22. A power stealing circuit according to claim 13 further comprising an abnormal sense coupled across the first power terminal and the second power terminal, the abnormal sense signalling the switching logic when the current sensed in the first power transistor and the second power transistor is greater than a fixed overload threshold.
23. A power stealing circuit for controlling the current in a power supply line to a load in response to the cycling output of an environmental control and providing operating power for the environmental control, comprising: first and second power terminals for connection in series with the load; first and second power transistors, each power transistor having a source, a gate, •and a drain, the drain of the first transistor connected to the first power terminal, the •drain of the second transistor connected to the second power terminal, the source of the 15 first power transistor connected to the source of the second power transistor; least one phase timer having an output indicating an expiration of a period defined by the phase timer; switching logic operatively connected to control the switching of the first and second power transistors in low impedance on states in which current is permitted to *flow to the load and high impedance off states in which current is substantially blocked from the load; S. the switching logic operative in response to a off cycle command by the environment control to switch the power transistors to their off states to deactivate the load; the switching logic operative in response to a on cycle command by the environment control to switch the power transistors to their on state and to periodically and temporarily switch the first and second power transistors off in response to the expiration of periods of the phase timers, respectively; -29- a power storage circuit for providing operating power for the environmental control and connected to receive current diverted from the load when a power transistor is in its off state; and a voltage sense coupled to the power storage circuit and to signal the switching logic to turn back on a power transistor which had been turned off when the voltage in the power storage circuit reaches a predetermined level.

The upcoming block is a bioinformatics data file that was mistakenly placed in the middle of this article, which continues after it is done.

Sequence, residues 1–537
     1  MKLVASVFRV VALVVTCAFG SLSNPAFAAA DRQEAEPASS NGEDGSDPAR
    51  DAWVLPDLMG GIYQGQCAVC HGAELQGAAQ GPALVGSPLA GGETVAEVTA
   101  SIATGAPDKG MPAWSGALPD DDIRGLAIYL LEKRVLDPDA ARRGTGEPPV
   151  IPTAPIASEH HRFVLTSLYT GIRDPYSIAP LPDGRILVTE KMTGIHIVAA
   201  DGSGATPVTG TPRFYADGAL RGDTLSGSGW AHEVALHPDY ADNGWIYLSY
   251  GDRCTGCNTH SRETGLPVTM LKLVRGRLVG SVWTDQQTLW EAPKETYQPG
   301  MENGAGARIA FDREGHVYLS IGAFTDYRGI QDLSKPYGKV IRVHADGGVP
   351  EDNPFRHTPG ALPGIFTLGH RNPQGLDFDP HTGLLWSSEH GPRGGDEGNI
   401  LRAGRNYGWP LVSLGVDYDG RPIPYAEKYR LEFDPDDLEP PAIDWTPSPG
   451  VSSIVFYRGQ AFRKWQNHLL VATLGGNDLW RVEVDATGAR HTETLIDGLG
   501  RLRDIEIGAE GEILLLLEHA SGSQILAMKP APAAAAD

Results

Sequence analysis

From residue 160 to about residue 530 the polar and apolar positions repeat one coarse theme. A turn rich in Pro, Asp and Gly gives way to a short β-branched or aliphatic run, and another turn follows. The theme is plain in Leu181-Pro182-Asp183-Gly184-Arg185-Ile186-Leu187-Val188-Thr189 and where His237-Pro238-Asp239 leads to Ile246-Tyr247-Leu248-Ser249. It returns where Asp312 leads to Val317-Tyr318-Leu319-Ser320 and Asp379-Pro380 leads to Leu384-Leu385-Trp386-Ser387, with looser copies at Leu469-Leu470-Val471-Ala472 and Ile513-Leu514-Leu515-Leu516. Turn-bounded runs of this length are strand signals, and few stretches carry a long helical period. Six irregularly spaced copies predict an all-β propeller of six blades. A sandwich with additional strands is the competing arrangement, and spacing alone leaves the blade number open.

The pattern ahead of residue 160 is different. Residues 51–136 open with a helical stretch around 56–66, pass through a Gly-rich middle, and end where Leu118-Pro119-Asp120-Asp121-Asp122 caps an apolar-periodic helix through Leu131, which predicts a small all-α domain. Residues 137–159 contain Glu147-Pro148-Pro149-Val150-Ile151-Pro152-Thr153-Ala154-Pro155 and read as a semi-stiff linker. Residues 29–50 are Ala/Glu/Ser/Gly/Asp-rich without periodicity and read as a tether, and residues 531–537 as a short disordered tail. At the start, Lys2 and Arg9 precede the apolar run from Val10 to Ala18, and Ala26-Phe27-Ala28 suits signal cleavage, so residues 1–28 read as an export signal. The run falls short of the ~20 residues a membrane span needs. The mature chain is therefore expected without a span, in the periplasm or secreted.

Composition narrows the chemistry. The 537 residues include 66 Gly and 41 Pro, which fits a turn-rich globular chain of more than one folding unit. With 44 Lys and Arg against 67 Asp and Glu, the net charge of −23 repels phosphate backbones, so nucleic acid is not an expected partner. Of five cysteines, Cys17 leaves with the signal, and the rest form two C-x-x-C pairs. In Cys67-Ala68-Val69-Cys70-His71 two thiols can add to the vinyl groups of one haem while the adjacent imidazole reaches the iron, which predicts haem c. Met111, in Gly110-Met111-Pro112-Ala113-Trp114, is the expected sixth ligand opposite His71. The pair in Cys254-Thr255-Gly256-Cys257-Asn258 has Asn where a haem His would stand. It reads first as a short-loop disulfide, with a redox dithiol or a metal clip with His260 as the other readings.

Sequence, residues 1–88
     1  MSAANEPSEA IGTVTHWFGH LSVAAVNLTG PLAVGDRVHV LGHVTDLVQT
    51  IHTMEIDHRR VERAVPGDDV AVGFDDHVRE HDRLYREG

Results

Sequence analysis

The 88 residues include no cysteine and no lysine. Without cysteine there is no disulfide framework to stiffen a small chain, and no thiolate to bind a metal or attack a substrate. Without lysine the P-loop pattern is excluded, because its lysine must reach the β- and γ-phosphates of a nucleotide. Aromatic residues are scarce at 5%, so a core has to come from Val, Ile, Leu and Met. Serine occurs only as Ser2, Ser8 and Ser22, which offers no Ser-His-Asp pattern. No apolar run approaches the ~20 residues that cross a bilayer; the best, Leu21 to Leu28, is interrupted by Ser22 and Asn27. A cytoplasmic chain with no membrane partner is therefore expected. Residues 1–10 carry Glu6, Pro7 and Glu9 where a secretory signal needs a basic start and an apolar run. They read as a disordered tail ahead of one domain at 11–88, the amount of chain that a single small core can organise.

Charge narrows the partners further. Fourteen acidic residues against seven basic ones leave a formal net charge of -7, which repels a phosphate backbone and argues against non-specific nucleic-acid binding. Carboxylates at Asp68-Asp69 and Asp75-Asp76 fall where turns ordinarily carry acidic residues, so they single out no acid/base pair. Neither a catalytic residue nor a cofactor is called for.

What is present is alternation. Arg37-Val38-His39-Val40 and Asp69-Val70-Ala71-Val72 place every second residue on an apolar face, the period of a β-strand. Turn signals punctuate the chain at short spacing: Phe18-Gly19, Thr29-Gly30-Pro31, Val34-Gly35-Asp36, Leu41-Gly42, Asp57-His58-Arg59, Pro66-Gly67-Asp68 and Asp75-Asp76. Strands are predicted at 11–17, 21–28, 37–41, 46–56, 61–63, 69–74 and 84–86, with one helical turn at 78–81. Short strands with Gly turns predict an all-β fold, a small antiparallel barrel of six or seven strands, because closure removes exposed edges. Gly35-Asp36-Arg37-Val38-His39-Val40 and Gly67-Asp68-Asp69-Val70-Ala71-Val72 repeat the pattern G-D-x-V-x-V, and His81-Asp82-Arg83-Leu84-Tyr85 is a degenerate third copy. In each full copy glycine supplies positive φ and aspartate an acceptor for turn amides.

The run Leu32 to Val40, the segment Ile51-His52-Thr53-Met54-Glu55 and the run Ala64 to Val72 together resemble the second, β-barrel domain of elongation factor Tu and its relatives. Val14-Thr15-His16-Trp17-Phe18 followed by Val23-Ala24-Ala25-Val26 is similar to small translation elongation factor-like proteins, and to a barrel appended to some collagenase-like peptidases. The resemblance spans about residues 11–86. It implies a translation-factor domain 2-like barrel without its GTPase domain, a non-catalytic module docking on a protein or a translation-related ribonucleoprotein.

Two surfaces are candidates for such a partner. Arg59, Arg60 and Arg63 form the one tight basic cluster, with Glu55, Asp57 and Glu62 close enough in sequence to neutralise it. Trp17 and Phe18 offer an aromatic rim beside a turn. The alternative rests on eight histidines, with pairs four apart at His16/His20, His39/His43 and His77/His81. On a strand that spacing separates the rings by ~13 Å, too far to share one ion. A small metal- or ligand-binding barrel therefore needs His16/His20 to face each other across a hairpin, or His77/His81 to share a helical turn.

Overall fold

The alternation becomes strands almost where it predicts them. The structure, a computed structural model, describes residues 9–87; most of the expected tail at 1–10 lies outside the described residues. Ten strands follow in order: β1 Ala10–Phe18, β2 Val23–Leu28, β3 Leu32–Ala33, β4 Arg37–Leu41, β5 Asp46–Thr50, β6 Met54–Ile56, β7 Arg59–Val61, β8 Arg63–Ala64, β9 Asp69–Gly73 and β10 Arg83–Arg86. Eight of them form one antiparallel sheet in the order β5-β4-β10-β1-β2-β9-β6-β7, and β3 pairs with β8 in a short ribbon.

24. A power stealing circuit according to claim 23 further comprising a second power storage circuit receiving diverted current when the power transistors are switched off in the off cycle of the environmental control, and storing power at a higher voltage than the first power storage circuit, sufficient for driving the gates of the power transistors.
25. A power stealing circuit according to claim 24 further including a bidirectional S. 15 charge pump operatively connected to transfer power at converted voltage between the first and second power storage circuits, from the one receiving diverted power at a given time to the other.
26. A power stealing circuit substantially as herein S" described with reference to Figures 2 to 8, Figures 9 and 10 or Figure 11 of the accompanying drawings. DATED this 27th Day of January, 1998 HONEYWELL INC. Attorney: PETER HEATHCOTE Fellow Institute of Patent Attorneys of Australia of SHELSTON WATERS
AU52767/98A 1997-01-27 1998-01-27 Power stealing solid state switch for supplying operating power to an electronic control device Ceased AU724963B2 (en)

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US5903139A (en) 1999-05-11
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CA2227944A1 (en) 1998-07-27